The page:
4 Week Online Photography Course Low Light Landscape Photography Light... · PAGE 3 Course Curriculm…
Post on 21-Nov-2018
Low Light Landscape Photography
By Tony Worobiec
A Guide to Dawn, Dusk and Night Photography
Lesson 1Course Notes
4 Week Online Photography Course
Hello, my name is Tony Worobiec. Welcome to lesson one which aims to cover the main technical problems you are likely to encounter when photographing in low light or at night. Many inexperienced photographers think that there are many difficult technical challenges involved with this kind of photography, but as you will quickly discover, photographing at night is no more difficult than during the day.
The first thing to understand is that when photographing at night, you are able to capture the world in an entirely new way. If you are pre-pared to shoot at this inconvenient time of day, you will be rewarded with mysteriously beautiful images; if you have never done this kind of work before, you might wonder how to focus in the dark- it is much easier than you think.
Course CurriculmLesson 1 Understanding the basics.
In this module, we will consider the technical issues relating to taking photographs in low light, such as how to overcome noise, how to focus in the dark, and most importantly, how to get a correct exposure reading. We will also cover the equipment you may need and how using certain filters will help to address some of the problems you might encounter. Some of you may wonder whether it is possible to hand-hold your
camera at night and still be successful; we will show you how.
Lesson 2 Photographing the Landscape at Night.The key to successful landscape photography at night is to understand how to most effectively use the available light. Often some of the most dramatic landscape photographs can be taken shortly after the sun has gone down and before it rises in the morning. Each of these enchanting times of the day presents slightly different challenges; we will consider these. Finally, nocturnal features such as the moon or the stars can also be photographed; we will show
Lesson 3 Photographing towns and cities at night.There are many challenges when photographing the urban environment at night, particularly when shooting illuminated buildings and structures. This course will explain how this is done. Artificial lighting can create troublesome colour casts; we will consider how to overcome this. Our towns and cities offer us numerous exciting photographic opportunities but how do we photograph people, what happens with moving cars,
how do we best photograph interiors or industry? This course will cover all those issues and many more.
Lesson 4 Photographing in low light and poor weather.It is not just at night that we will experience poor light; when photographing deep inside a wood or forest, exposures of many seconds are often required. There are numerous locations both in the landscape and in cities that are poorly illuminated even in the daytime. We will alert you to these and explain how you can overcome the difficulties. Poor weather can also pose problems. Many photographers never consider taking shots in the rain, in mist or when there is a strong wind and yet these
conditions can often provide opportunities for truly creative photography.
Low Light Landscapes: Understanding the Basics.
There will always be some area of light you can focus on and if you are still not sure, then use a small aperture which should ensure every part of your image remains in focus. Finally, if your lens has an auto-focus facility, turn it off. It will have great difficulty seeing a suitable point of focus therefore it goes into hunt-mode. What this means is that is cannot focus on anything.
One of the drawbacks of photograph-ing in low light is that you can encoun-ter noise - an increased appearance of graininess which can reduce the over-all quality of the image. This can be easily overcome. Most modern DSLR cameras now offer a Noise Reduction facility.
It will be available within the cameras menu and should be selected when making exposures of one second or more. If it proves impractical to use the cameras Noise Reduction facility, this can be remedied after you have taken your photograph when using the RAW Converter. Finally, there are several image editing software pack-ages you may wish to use which will solve this problem; the best known is Neat Image, which you can download from www.neatimage.com.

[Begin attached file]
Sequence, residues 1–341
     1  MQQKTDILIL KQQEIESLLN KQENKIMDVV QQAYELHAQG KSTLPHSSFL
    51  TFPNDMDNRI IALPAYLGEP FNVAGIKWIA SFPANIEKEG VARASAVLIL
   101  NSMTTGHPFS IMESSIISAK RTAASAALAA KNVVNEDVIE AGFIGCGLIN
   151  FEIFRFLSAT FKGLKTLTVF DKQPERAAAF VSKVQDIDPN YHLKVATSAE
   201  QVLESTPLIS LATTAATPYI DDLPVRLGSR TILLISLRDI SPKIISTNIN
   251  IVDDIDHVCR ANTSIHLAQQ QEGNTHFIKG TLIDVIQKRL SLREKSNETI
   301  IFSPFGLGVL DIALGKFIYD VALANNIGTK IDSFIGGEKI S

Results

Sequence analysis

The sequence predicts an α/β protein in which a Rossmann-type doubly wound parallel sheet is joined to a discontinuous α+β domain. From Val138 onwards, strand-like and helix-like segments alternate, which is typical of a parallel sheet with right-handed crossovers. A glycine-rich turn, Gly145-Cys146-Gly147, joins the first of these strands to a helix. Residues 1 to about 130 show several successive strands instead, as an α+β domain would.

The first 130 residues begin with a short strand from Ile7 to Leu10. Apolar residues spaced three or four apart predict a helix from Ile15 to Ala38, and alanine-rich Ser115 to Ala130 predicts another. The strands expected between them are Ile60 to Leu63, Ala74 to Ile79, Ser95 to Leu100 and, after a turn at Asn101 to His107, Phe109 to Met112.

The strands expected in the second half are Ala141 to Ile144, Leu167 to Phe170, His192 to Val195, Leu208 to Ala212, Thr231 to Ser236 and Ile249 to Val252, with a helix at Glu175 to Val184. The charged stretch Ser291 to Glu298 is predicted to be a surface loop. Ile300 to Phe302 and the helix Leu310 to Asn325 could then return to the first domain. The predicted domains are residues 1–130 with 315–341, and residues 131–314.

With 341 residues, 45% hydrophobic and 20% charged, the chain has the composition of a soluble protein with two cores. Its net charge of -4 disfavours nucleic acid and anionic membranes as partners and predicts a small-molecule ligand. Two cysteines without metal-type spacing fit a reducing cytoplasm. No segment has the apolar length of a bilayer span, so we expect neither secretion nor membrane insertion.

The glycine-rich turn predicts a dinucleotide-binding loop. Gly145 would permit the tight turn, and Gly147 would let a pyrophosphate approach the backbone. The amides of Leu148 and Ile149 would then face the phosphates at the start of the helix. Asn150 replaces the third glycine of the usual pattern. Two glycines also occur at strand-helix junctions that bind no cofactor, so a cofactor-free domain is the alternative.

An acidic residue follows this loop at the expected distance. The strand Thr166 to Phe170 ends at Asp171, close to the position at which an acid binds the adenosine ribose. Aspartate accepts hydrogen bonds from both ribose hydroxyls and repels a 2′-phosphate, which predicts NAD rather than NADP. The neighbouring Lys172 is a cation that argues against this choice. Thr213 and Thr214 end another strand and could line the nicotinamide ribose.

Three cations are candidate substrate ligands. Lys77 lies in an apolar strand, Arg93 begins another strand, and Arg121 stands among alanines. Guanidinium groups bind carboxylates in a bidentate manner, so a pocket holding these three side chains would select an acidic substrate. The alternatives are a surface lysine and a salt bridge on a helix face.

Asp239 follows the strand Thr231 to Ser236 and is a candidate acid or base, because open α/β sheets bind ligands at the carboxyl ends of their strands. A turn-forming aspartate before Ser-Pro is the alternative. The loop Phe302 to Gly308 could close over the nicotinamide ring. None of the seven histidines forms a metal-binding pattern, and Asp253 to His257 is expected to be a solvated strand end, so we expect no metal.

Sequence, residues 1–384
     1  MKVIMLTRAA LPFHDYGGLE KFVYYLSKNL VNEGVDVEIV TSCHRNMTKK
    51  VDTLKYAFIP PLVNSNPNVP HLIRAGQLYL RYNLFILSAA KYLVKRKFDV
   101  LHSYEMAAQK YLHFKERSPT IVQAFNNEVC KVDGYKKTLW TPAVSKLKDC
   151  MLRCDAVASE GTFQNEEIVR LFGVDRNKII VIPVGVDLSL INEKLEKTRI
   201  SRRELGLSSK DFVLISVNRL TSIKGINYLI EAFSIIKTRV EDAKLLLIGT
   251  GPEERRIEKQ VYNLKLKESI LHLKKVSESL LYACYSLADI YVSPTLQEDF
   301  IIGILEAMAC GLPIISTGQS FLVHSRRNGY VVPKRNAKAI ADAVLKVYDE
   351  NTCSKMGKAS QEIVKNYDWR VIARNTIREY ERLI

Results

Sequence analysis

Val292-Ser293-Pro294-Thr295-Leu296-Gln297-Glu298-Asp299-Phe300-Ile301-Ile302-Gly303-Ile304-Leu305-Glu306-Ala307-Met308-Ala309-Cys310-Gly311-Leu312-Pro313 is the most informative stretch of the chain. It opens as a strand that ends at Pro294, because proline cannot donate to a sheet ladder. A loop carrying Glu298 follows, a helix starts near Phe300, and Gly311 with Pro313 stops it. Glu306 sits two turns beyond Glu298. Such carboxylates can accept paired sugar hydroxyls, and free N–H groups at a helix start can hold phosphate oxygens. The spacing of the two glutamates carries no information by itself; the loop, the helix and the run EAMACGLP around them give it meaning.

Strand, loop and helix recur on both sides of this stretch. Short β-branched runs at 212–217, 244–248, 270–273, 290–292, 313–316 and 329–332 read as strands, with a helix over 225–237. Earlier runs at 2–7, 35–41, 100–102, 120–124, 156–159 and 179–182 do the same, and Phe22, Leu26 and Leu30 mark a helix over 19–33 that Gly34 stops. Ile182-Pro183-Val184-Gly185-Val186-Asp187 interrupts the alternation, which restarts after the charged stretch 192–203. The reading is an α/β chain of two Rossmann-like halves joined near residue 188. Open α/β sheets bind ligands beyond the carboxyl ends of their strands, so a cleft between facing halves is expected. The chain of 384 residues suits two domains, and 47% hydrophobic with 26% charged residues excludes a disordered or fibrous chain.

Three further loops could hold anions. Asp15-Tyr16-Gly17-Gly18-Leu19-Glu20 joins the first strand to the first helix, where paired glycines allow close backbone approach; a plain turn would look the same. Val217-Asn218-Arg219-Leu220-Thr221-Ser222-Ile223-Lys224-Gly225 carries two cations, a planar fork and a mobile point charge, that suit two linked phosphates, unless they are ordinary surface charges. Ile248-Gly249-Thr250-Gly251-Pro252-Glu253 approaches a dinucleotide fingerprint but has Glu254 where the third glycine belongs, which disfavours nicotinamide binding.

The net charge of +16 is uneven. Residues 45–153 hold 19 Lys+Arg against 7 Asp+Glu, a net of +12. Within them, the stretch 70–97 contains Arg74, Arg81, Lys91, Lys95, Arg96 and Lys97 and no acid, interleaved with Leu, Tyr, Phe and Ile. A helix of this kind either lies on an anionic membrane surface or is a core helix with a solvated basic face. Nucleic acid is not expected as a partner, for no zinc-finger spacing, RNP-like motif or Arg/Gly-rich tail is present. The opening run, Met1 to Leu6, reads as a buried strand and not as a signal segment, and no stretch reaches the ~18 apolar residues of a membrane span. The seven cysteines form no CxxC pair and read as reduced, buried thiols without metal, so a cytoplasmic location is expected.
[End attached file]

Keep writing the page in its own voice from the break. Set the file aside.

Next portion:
It is sometimes quite difficult seeing the horizon in low light. Some tripods have a spirit level built into the tripod head, but if your does not, then most camera shops now sell small spirit level attachments which you can place
on the cameras hot-shoe. If its dark, you might still have problems seeing whether your camera is level, so always have a small torch available.
As most of your photographs will require lengthy exposures, a tripod is an essential piece of equipment. I view my tripod second only in importance to my camera. With it I know I am able to choose any ISO I want together with whatever aperture I need. If you do not own a tripod, the general advice is to buy the best you can afford and the heaviest you can comfortably carry.
Some might question this last point, but as many of your shots might require exposures of five minutes or more, and if you are photographing landscape, for example, you could quite easily experience strong gusts of wind.
Your tripod should be heavy enough to withstand that. It is also worth giving consideration to the tripod head as you will need to be able to use it with ease- I would strongly recommend getting a ball and socket type.
This is a typical example where a tripod is essen-tial. To achieve this shot, I needed an exposure time of 142 seconds thats nearly two and a half minutes!
Clearly hand-holding a camera for that long is out of the question. This might be an appropriate time to discuss the Bulb setting on your camera. Most cameras have a maximum automated shutter speed of just 30 seconds; all however will also have one called Bulb or B. In order to set the shutter speed for longer than 30 seconds, select Bulb and keep the aperture open for as long as you need by using the cable release.
If your camera does not appear to have a dedicated Bulb setting, you may well find it within the cameras Manual Mode. If you are unsure, refer to your Camera manual.
One of the aspects of night photography which surprises many inexperienced pho-tographers is how easily night can be made to look like day. While this looks as if it has been taken in normal daylight, the sun had set about 25 minutes earlier and I needed to use an exposure of 7 seconds.
If you are in doubt, look in the bottom left corner and you will see the moving head-lights from several cars. I am frequently asked what ISO rating should you use when photographing at night; if you are using a tripod, use the ISO rating you are most comfortable with.
When you are photographing in the daytime, it is very easy to see whether the ex-posure is accurate; most of us look in the cameras monitor and we can immediately see if we have been successful. However, the monitor can appear deceptively bright at night-time which can often lead to under-exposure.